The move triggered an opposition press conference late on Wednesday night in which all 19 members of the opposition announced they would resign, leaving Hong Kong with a rubber stamp legislature and no opposing voices for the first time since the Legislative Council was established in 1843.
On Thursday, as a final act of defiance before handing in their resignation letters, opposition MPs staged a final in-chamber protest.
“I suppose this is my last protest in Legco,” opposition member Lam Cheuk-ting said after unfurling a protest banner vilifying the city’s leader, Carrie Lam.
The opposition politician had briefly displayed the banner from the building’s second floor, with the message: “Carrie Lam is corrupting Hong Kong and hurting its people; She will stink for 10,000 years.”
The city’s chief executive was not in the assembly at the time.
Senator Payne called on authorities to allow the Legislative Council, which is dominated by pro-Beijing appointees, to fulfil its role as the primary forum for popular political expression in Hong Kong.
“Beijing’s disqualification of duly elected Legislative Council lawmakers seriously undermines Hong Kong’s democratic processes and institutions, as well as the high degree of autonomy set out in the Basic Law and Sino-British Joint Declaration,” she said.
“Australia and the international community will continue to monitor developments closely and maintain a consistent focus on human rights and the principles of freedom, transparency, autonomy and the rule of law.”
The Chinese embassy said in a statement on Thursday that it strongly deplored Senator Payne’s comments. “Those who break the law must be held accountable, which is the basic principle of any law-based society,” a spokesman said. “No other country has the right to make irresponsible remarks or intervene in the matter.”
Democratic Party chairman Wu Chi-Wai said on Wednesday the model that guaranteed Hong Kong’s semi-autonomy from the mainland after the British handover in 1997 was finished.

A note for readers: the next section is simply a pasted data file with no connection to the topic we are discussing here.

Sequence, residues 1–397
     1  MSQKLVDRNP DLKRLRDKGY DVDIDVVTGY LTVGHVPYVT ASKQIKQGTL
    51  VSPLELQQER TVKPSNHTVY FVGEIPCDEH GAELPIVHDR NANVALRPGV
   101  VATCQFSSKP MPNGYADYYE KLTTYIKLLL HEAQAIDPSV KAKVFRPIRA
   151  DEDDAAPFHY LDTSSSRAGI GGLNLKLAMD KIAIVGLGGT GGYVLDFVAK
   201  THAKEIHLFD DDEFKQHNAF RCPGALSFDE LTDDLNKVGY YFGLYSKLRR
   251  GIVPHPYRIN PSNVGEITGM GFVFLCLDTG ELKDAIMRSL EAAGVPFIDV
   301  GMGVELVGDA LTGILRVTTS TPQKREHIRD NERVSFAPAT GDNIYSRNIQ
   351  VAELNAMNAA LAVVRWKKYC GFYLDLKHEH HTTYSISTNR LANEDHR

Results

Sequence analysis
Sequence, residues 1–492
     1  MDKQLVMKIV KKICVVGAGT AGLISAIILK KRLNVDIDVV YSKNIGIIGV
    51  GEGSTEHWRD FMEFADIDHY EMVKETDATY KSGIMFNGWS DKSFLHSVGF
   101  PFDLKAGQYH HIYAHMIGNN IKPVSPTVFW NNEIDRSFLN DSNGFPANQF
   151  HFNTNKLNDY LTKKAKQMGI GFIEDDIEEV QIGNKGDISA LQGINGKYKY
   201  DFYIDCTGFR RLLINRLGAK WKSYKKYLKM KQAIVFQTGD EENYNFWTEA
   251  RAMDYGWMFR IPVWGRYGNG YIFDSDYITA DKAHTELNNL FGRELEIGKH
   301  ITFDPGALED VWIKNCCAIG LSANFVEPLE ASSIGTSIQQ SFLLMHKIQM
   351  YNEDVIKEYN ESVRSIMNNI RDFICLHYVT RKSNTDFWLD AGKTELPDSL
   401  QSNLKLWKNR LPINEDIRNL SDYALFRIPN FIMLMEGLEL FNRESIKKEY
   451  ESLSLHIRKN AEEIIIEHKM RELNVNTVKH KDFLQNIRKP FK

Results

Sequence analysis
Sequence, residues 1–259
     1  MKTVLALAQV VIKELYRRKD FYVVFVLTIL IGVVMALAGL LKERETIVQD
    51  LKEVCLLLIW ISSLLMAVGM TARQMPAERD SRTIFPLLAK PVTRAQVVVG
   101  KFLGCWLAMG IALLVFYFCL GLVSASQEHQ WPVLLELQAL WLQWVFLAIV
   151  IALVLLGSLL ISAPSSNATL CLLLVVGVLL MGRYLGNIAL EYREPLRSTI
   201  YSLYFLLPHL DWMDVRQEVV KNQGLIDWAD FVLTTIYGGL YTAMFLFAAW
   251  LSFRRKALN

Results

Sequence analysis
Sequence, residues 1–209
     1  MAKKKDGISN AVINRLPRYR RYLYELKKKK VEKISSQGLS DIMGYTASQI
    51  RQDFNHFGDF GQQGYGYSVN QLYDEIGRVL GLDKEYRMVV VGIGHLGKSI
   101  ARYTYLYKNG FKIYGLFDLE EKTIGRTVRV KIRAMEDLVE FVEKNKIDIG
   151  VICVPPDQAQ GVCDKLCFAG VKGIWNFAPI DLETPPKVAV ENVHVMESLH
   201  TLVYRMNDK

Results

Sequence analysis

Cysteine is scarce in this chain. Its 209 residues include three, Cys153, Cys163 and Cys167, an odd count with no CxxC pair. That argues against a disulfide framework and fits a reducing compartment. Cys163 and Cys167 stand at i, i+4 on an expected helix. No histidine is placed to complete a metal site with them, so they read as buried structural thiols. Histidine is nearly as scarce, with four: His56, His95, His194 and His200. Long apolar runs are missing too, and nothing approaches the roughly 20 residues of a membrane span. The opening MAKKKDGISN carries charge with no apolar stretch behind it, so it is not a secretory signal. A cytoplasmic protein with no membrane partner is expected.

“We can no longer tell the world that we still have one country, two systems. This declares its official death,” he said.
Australian MP Gladys Liu, who was born and grew up in Hong Kong, said she was saddened by the move as it meant “the democracy that I enjoyed is disappearing”.
“For Beijing to disendorse elected members of the Legislative Council, it is actually doing damage to the Hong Kong’s autonomy.”
Labor MP Kimberley Kitching, the co-chair of the Australian arm of the International Parliamentary Alliance on China, said the expulsion of the legislators of the legislators was further proof Beijing had no intention of honouring the one country, two systems agreement.
“Australia must be a strong voice in standing up for the international order, and for the democratic values that we in this country hold so dear, as do the people of Hong Kong.”
Liberal MP Tim Wilson said the move demonstrated “there is now as much tolerance for diversity of opinion about governance in Hong Kong as there is in Beijing”.
And Liberal senator James Paterson said the expulsion “validates the well-founded fears of the world about the deeply troubling approach the Chinese Communist Party is taking to Hong Kong”.
Hong Kong’s Chief Executive Carrie Lam said the four members of the opposition, Kwok Ka-Ki, Alvin Yeung, Dennis Kwok and Kenneth Leung, had been disqualified because they had breached new national security laws imposed by Beijing in June.
“We could not allow members of a Legislative Council who have been judged in accordance with the law that they could not fulfil the requirement and the prerequisite for serving on the Legislative Council to continue to operate,” she said.
The laws were imposed after 15 months of protests over Beijing’s rising influence.
The laws punish dissent or threats to the Chinese state with sentences of up to life in prison.
Dozens of activists, journalists and political operatives have since been arrested for unauthorised assembly, colluding with foreign forces or endangering national security since, as Beijing installs its own security services in the global financial hub.
The disqualifications and resignations could trigger further unrest on Thursday as opposition lawmakers remain popular with pro-democracy voters across the city.
In July, more than 600,000 voters earlier cast their ballots in unofficial primaries despite warnings they were breaching new national security laws. The Hong Kong government then delayed the election scheduled for September until next year due to the coronavirus.
Eryk Bagshaw is the China correspondent for The Sydney Morning Herald and The Age. Due to travel restrictions, he is currently based in Canberra.
James Massola is south-east Asia correspondent based in Jakarta. He was previously chief political correspondent, based in Canberra. He has been a Walkley and Quills finalist on three occasions, won a Kennedy Award for outstanding foreign correspondent and is the author of The Great Cave Rescue.